A randomized trial to study first-line combination therapy with or without a protease inhibitor in HIV-1-infected patients
To compare one protease inhibitor (PI)-based and two PI-sparing antiretroviral therapy regimens.Methods:
International, open label, randomized study of antiretroviral drug-naive patients, with CD4 lymphocyte counts ≥ 200 × 106 cells/l and plasma HIV-1 RNA levels > 500 copies/ml. Treatment assignment to stavudine and didanosine plus indinavir or nevirapine or lamivudine. Primary study endpoint was the percentage of patients with plasma HIV-1 RNA levels < 500 copies/ml after 48 weeks in the intention-to-treat analysis (ITT).Results:
In total, 298 patients were enrolled. After 48 weeks, the percentage of patients in the indinavir, nevirapine and lamivudine arms with HIV-1 RNA < 500 copies/ml was 57.0%, 58.4% and 58.7%, respectively, in an ITT analysis. After 96 weeks of follow-up, these percentages were 50.0%, 59.6% and 45.0%, respectively. The percentage of patients with HIV-1 RNA < 50 copies/ml was significantly less for those allocated to lamivudine in an on-treatment analysis after 48 and 96 weeks of follow-up. Patients in the nevirapine arm experienced a smaller increase in the absolute number of CD4 T lymphocytes. There were no significant differences in the incidence of serious adverse events.Conclusions:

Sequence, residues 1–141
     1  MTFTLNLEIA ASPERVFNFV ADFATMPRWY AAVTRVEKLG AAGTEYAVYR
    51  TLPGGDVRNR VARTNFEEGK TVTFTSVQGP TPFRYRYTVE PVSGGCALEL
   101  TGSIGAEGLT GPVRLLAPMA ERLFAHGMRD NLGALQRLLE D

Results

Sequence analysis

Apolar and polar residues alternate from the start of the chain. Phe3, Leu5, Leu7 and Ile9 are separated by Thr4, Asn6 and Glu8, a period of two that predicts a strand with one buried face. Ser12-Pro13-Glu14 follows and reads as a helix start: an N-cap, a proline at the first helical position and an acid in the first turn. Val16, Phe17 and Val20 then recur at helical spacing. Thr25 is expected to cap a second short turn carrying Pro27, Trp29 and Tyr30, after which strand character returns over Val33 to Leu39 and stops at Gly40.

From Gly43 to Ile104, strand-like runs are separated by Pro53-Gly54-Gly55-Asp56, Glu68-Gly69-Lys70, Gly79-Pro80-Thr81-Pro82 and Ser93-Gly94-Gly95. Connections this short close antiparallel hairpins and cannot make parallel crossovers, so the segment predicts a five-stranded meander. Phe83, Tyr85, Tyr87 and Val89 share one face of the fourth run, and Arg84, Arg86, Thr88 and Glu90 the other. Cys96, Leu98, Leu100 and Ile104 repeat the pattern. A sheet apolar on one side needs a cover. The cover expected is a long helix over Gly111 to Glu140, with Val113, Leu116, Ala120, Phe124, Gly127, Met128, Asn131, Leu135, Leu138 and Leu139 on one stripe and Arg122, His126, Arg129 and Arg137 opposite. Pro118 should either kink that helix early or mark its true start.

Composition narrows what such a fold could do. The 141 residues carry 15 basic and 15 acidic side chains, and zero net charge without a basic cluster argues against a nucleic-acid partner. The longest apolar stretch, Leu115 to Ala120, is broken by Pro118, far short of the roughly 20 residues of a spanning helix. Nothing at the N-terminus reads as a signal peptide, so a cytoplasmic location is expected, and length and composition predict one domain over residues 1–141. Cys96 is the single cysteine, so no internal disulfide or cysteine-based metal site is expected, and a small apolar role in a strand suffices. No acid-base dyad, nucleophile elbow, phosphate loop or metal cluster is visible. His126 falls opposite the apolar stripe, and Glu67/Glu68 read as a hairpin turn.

A comparable virological response can be achieved with first-line PI-base and PI-sparing regimens. The triple nucleoside regimen utilized may be less likely to result in viral suppression to < 50 copies/ml, while the nevirapine-based regimen is associated with a lower increase in CD4 T lymphocytes.